Plus, admittedly at an extra cost, our van has the park-assist system that gives a whole series of aural and visual warnings if it feels I’m getting too close to something either back, sides or front.
It’s so effective that it gets on my nerves sometimes. I have been a professional motoring journalist for 30 years now so do know how to drive after all!
Any reversing prangs should be avoided by the addition in our test van of a rear-view camera at £285 – well worth the money in my opinion.
As if all that was not enough, the Crafter also has as standard a crosswind assist system which, in the event of a gust of wind from the side, stops the van being blown across the road.
With that lot available to drivers, all I can say is that if a member of your staff crashes this van, they probably should not be working for you!
After a month driving the VW Crafter on a daily basis (I don’t own a car), I’ve had plenty of time to assess its good points. There are a few minor grumbles – with minor being the operative word.
At first, I was slightly concerned about relying on such a big vehicle for everyday use, but it’s a nimble beast for its size and so easy to manoeuvre that my fears proved unfounded.
The only slight annoyance I found is that I have to stop on the far side of the car park at my local supermarket as the Crafter just doesn’t fit in those silly little spaces.
Mind you, its usefulness with 11 cubic metres of cargo space at the rear makes up for any parking problems.
On the downside, I don’t find the look of the Crafter very inspiring and the dash is positively ugly – but like with many quality German products, it’s a matter of function over form and there are certainly no problems with the way it functions.
Put simply, the Crafter is the slickest, smoothest 3.5-tonne van I have driven in 30 years of testing for Fleet News.
And, given looks are about the last thing a van fleet manager considers when choosing new vehicles, I’ll say no more about the aesthetics.
I’ve always said that once you get over three tonnes gvw, you can forget about vehicles having a car-like feel – their driving dynamics are more akin to trucks than cars. But, with this van, I have to eat my words.
The VW design engineers have sprinkled their magic dust on the Crafter and, apart from sitting up higher, the driver could for all the world be at the wheel of an upmarket passenger car. It makes my poor old 10-plate Fiat Ducato camper van feel positively prehistoric in comparison.
The launch of the current Volkswagen Crafter back in 2017 was a massive deal for VW.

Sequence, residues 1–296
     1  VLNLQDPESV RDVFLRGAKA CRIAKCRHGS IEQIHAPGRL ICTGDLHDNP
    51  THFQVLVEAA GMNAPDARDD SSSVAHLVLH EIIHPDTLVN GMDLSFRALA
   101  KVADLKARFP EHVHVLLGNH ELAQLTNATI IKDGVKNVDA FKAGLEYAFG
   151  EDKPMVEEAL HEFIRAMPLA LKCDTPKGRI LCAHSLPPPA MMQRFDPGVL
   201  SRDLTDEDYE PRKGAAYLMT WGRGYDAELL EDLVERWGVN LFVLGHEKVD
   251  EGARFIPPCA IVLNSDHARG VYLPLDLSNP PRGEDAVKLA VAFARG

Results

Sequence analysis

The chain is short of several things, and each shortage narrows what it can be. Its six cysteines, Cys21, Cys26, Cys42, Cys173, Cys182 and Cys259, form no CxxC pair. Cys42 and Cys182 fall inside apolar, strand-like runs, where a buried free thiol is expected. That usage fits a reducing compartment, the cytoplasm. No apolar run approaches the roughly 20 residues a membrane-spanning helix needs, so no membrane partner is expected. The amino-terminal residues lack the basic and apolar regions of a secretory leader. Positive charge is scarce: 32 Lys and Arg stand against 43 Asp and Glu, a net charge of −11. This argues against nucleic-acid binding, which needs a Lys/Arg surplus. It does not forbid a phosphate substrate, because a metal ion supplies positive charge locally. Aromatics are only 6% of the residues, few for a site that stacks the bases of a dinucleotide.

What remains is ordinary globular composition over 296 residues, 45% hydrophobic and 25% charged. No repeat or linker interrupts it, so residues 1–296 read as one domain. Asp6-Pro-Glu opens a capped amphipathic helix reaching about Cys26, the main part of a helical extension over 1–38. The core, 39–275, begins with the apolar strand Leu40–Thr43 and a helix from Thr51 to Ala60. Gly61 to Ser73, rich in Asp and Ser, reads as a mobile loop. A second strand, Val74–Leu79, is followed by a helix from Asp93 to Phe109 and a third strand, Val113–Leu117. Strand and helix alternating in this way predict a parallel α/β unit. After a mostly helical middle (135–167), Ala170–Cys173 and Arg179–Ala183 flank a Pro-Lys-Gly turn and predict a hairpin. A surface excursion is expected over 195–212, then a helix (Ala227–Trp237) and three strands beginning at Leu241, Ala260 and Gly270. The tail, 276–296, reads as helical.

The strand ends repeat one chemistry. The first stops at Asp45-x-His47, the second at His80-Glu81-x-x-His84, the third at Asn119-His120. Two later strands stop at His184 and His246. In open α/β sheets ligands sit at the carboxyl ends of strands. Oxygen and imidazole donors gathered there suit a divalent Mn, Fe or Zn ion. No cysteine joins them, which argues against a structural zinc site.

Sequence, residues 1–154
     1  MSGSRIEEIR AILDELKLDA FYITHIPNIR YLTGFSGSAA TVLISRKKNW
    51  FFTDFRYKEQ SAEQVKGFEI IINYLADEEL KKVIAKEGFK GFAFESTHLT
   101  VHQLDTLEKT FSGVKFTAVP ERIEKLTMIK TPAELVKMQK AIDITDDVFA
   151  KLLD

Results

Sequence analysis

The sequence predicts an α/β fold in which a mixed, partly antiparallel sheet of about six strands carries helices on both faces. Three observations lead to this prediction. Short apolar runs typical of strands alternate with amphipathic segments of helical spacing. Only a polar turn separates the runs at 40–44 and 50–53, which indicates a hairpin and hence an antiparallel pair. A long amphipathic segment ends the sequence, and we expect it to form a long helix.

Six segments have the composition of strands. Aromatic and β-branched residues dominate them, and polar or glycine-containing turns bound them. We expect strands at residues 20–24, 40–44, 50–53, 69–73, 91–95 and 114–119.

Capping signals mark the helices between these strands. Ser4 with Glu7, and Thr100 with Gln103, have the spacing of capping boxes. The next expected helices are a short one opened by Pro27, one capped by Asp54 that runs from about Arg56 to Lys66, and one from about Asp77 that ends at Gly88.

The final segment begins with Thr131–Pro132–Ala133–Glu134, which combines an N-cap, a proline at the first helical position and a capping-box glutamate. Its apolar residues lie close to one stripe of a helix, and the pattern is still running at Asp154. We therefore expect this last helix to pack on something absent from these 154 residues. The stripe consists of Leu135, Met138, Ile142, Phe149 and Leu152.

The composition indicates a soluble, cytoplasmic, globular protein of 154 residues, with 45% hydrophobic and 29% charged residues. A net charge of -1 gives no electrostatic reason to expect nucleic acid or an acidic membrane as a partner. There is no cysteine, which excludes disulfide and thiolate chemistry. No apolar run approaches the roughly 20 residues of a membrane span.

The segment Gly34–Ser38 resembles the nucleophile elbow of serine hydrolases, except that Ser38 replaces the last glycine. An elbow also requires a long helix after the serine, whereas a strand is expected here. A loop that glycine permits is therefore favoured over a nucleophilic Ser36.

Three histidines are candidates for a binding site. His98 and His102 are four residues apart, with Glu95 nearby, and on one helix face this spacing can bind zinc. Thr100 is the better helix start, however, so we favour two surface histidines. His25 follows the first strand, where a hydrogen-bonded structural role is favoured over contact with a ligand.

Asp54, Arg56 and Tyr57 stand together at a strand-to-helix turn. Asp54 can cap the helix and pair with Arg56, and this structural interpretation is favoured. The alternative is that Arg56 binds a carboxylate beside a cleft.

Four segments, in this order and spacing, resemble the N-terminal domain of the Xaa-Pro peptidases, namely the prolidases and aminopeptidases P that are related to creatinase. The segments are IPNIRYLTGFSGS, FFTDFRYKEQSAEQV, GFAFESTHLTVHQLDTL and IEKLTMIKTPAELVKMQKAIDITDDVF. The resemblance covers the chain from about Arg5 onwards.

Until then, the Crafter had been a clone of the Mercedes-Benz Sprinter and had come off the same production line, albeit with its own set of engines. As such, the Crafter had played second fiddle to the Sprinter for many years – a situation VW was determined to change.
So, with a new factory in Poland, Volkswagen finally presented the world with a van which could not only compete with the mighty Sprinter, but might actually beat it.
This launch had another significance too – VW is now the only major manufacturer to have its own unique range of vans. All the others use tie-ups with other van makers for some part of their offerings.
Mind you, there are plans afoot for VW to join with Ford to develop vans and pick-ups together, so this present state of affairs might not last long.
I was at the original press launch of the Crafter in 2016 and all the journalists there were impressed with what was on offer. Since then, Volkswagen has been busy hoovering up award after award for its efforts, including large panel van of the year at the 2019 Commercial Fleet Awards.
So, when the Volkswagen press office offered us a Crafter for a three-month stint, we did not need to stop and think before saying ‘yes’.
Our Crafter had been due to arrive a month or so earlier, but the coronavirus pandemic somewhat spoiled those plans.
Our test model is the mid-range Trendline variant in medium wheelbase format, which offers a mighty 11cu m of space and a payload of 1,404kg, which should be plenty for most fleet purposes.
Under the bonnet is a 2.0-litre turbodiesel powerplant with 144PS on tap, which means that, while not offering Tarmac-burning performance, this van is never going to be short of oomph, even fully loaded.
We’re looking forward enormously to putting the Crafter through its paces in the following three months and trying, if we can, to stretch it to its limits.